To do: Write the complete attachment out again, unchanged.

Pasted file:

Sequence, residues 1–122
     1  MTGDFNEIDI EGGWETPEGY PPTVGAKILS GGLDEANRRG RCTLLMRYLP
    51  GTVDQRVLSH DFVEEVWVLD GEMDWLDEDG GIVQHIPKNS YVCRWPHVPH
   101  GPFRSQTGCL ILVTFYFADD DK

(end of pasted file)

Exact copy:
Sequence, residues 1–122
     1  MTGDFNEIDI EGGWETPEGY PPTVGAKILS GGLDEANRRG RCTLLMRYLP
    51  GTVDQRVLSH DFVEEVWVLD GEMDWLDEDG GIVQHIPKNS YVCRWPHVPH
   101  GPFRSQTGCL ILVTFYFADD DK